• 2010 will be the worst year of your life. As awful as it sounds, I’d tell her this as a warning. 2010 is the year everything began to crash and burn. My life was ripped apart from the inside out and this is the year my suicidal emotions were at their worst. The only thing that kept me from acting on those emotions was the cowardice to cause myself pain, and I regularly kicked myself for that. I’d tell her she, unfortunately, doesn’t have a choice and she’ll get through it, but it’s going to be painful. Very painful.
  • Your family will fall apart, but you won’t. This is the final one and arguably the most important after love doesn’t hurt. My family indeed has fallen apart. It’s ripped up more than I could’ve ever imagined as a kid. I’d tell my child self this is going to happen and she can’t stop it, but it’s not her job to stop it in the first place. I won’t lie and pretend it doesn’t hurt. It hurts a lot! However, what hurts more is when you’re trying as hard as you can to keep it together and your efforts are failing. I’d tell her she’s not a failure for being unable to hold her family together and it really is alright for her to worry about keeping herself together first and foremost. I’d tell her it’s their choices and their actions that are making them fall apart, and she’s not at fault for what they do.

At That Age

In 27 days, counting this one since it’s only barely after midnight, I will be 22 years old. For me, that realization is rather surreal.

My birthday is before my mother’s, but had it not been, she would’ve been 22 when she had me. I was not a planned child either and, like me, she had no intentions of becoming a parent. She only did it because she believed abortion was wrong and adoption wasn’t something she could handle (although neither was parenting; go figure).

This is something I continuously think about as my twenty-second birthday draws near, but I’m really not sure why. I knew I wasn’t going to have children at this age. Really, even if I wanted to be a parent, I wouldn’t have tried to become one by 22 because I’m in no position for it. It’s not something that’s bothering me. Just something continuously on my mind for one reason or another.

The best guess I have as to why I’ve been thinking about this so much is knowing this is the age where my mother’s life changed irreversibly. Becoming a parent doesn’t change everybody – heck, it makes them worse in some cases – but I’m certain no one can argue becoming a parent isn’t something you can take back. You can’t put them back up there. Okay, you probably could, but it’d be extremely painful and you certainly can’t reverse the nine months of pregnancy back into non-existence.

Occasionally, I do try to imagine myself in my mom’s shoes when she was 21 or 22, and it’s not an easy visual. I like children in general, so I can imagine the cute stuff like watching a baby sleep, but trying to picture the hard stuff tends to only make my head hurt. I can never picture myself waking up three times or more a night to a piercing wail, going days without sleep, or not having enough time to do so much as take a 5-minute shower. One of the most common things I hear about parenting is “your life is over” and that is more often than not from people who are parents instead of people who aren’t. My life over at 22? I’d have only been an adult for four years!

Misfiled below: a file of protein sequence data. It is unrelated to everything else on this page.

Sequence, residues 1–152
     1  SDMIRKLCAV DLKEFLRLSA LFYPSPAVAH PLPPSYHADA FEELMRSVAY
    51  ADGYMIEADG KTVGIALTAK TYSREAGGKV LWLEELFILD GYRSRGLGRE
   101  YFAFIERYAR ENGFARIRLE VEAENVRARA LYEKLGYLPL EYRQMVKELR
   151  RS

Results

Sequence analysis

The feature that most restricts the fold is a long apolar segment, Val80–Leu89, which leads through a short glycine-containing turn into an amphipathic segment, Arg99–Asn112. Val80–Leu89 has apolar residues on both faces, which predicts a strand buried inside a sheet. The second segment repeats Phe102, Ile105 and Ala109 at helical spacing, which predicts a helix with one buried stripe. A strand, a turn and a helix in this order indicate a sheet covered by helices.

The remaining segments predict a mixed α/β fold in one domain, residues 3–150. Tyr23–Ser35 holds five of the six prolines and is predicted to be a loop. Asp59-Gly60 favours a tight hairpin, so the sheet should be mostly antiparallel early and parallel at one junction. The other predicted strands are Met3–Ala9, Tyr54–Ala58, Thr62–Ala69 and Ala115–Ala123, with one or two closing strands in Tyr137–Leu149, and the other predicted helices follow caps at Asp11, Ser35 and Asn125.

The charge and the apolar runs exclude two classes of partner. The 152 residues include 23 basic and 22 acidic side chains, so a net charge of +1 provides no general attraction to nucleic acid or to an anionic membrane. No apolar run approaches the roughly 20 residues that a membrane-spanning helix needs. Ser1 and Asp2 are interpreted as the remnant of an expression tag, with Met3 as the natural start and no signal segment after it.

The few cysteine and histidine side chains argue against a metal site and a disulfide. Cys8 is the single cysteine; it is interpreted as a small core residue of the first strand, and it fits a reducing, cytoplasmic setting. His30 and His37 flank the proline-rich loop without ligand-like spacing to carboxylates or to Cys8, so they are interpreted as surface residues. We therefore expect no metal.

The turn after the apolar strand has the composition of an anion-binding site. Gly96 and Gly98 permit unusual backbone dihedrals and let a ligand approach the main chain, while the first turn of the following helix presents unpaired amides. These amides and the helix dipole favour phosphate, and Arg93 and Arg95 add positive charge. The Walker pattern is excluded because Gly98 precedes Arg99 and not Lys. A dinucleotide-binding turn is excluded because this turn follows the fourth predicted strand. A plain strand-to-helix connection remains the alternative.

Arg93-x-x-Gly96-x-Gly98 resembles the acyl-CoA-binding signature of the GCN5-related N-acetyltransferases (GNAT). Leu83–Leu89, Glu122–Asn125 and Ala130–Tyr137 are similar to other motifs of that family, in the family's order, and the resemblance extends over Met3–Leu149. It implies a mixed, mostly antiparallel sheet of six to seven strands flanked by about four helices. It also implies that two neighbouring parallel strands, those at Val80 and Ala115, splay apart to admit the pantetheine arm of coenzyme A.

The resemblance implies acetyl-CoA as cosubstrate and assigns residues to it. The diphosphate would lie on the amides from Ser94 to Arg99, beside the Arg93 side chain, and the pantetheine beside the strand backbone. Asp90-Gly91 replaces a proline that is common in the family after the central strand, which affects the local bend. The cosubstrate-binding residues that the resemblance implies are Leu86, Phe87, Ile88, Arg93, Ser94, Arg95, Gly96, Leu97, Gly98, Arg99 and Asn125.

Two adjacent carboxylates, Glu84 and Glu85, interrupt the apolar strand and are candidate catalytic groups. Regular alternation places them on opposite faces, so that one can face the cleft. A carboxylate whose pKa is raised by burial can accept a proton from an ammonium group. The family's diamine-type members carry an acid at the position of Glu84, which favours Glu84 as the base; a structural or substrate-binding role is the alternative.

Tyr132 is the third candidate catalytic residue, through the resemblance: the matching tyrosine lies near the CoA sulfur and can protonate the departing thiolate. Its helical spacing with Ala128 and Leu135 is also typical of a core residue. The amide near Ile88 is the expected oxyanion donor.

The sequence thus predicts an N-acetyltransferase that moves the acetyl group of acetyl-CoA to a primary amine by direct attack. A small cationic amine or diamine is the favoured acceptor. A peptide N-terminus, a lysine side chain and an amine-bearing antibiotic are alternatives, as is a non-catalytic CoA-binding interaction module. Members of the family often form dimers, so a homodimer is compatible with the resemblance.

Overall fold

Yes, I’m aware babyhood is temporary. Eventually, they sleep through the night, gain a little more independence, and stop crying so much. Well, maybe not that last one since the temper tantrums start, but they hopefully won’t be waking you up five times a night until they’re in kindergarten. However, on its own, a year is still a lot of time and frankly, I’ve no desire to spend a year getting sleep three days at a time. I nearly collapsed after one day (a full 24 hours) without sleep, not to mention that can’t in any way be good for your body.

Sure, my mother did it, but she didn’t have a choice. She decided to keep me and have another child, so she had to endure the sleeplessness and all the stress that caring for a tiny, helpless person brings. Failure to do that would’ve resulted in either our deaths or her loss of custody before we became old enough to know she’s our mother.

Speaking of another child, I imagine this feeling will come back twice as strong when I turn 25. At 25, my mother had a three-year-old and a 1-week-old. Admittedly, I can’t see myself at 25 right now. It’s difficult to see myself any more than a year older than my age. I want this blog to be around for a few more years, so if it lasts until 2019, I feel like a certain shock will hit me if I go into my archives that year and find this post.

I Should’ve Been Quiet

This isn’t something that happened recently, but it’s something I regret to this day.

This incident was the very first of all the troubles I ever experienced with my family between both sides and while it’s possible some of them still may have happened, I feel if this particular one hadn’t, my family would’ve been a little less hectic for a few more years.

It happened in late 2006, nearly ten years ago. Besides browsing my computer, I can’t remember what else was going on. I may have had a cell phone at the time and had it with me, but I’m not certain if I was using it. I wanted to check my email and I had a message from my father. Email was how we spoke to each other at that time, so messages from were expected. The difference that time was he sent me a picture of my mom he had. Continue reading